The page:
The Ministry of Lands and Physical Planning on Tuesday, January 12 announced the start of the land title conversion process to ensure compliance with the Lands Registration Act.
The Lands Registration Act was enacted in 2012 following promulgation of the 2010 Constitution. It’s implementation required Parliament to revise, consolidate and rationalize land registration regimes under repealed laws.
Different pieces of legislation by different regimes had resulted in multiple land ownership registers, creating opportunities for fraud and delays in service delivery. The land title conversion process announced by Cabinet Secretary Farida Karoney aims to migrate the country to exclusive use of the Land Registration Act, 2012.
Despite the act having unified the land registration regimes, transitional clauses have been relied on to maintain the status quo.
Once a notice is published in print and broadcast media, land owners will be expected to make applications for replacement of title documents from the closed registers.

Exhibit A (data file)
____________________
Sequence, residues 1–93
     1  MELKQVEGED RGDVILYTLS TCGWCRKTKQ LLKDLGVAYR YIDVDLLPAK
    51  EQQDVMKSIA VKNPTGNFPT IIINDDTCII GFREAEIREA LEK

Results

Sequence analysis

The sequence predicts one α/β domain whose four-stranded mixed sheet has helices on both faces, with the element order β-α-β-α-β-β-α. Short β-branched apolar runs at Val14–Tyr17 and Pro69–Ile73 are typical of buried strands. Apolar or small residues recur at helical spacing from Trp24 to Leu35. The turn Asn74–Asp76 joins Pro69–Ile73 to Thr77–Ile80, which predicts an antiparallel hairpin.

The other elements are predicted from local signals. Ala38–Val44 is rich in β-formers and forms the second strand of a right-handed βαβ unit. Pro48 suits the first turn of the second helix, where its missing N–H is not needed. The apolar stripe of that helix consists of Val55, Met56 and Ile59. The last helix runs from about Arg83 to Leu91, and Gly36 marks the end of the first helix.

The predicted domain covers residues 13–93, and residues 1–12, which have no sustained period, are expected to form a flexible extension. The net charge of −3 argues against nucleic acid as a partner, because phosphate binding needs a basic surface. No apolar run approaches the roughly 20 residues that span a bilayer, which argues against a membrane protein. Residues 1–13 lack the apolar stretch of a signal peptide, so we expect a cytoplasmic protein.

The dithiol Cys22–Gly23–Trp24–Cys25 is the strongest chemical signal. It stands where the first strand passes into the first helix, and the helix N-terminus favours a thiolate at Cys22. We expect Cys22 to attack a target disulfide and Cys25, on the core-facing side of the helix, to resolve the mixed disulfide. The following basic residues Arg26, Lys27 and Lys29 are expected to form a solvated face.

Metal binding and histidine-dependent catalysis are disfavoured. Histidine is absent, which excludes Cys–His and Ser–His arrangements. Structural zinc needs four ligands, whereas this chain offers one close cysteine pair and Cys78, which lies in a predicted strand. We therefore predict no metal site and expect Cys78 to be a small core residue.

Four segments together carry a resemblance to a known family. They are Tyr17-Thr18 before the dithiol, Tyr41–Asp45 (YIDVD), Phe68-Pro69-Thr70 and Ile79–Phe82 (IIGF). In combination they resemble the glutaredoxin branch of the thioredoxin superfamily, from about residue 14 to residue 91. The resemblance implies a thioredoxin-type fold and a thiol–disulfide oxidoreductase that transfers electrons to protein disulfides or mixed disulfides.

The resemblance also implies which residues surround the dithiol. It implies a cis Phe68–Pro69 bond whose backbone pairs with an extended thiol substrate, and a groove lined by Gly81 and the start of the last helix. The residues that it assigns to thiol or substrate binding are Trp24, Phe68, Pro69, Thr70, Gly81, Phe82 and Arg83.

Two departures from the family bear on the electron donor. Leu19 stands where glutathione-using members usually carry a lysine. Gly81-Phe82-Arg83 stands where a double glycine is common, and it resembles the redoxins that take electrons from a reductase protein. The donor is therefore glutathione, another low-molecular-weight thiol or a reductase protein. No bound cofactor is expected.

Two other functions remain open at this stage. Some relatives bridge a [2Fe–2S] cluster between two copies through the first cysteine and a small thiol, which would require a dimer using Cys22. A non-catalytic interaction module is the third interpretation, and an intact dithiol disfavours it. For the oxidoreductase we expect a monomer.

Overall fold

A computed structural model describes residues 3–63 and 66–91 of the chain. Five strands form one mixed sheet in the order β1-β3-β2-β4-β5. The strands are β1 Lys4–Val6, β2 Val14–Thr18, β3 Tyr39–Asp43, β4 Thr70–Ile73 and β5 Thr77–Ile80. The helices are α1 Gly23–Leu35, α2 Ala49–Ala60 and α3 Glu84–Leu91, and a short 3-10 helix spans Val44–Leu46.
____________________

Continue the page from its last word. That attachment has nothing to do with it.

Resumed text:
“The application shall be accompanied by the original title and the owner’s identification documents. The registrar will replace title deeds with new ones.
“The registrar shall retain the old title documents for record and safe custody,” the statement read in part.
The ministry further noted that titles held by third parties including banks, hospitals and courts as security would be replaced upon application by the proprietor.
Importantly, the conversion process will see preparation of cadastral maps and a conversion list indicating new and old numbers for parcels of land within a registration unit and their corresponding acreages.
The cadastral maps will then be published in the Kenya Gazette as well as two daily newspapers.
Any person with an interest in land in the registration unit will be able to lodge a complaint with the registrar who shall resolve the same within 90 days of receipt.
Lands management has been a thorny issue in the country for several decades due to association with corruption and fraud.
Multiple attempts at digitization have failed to deliver the expected results, with figures at Ardhi House partly responsible.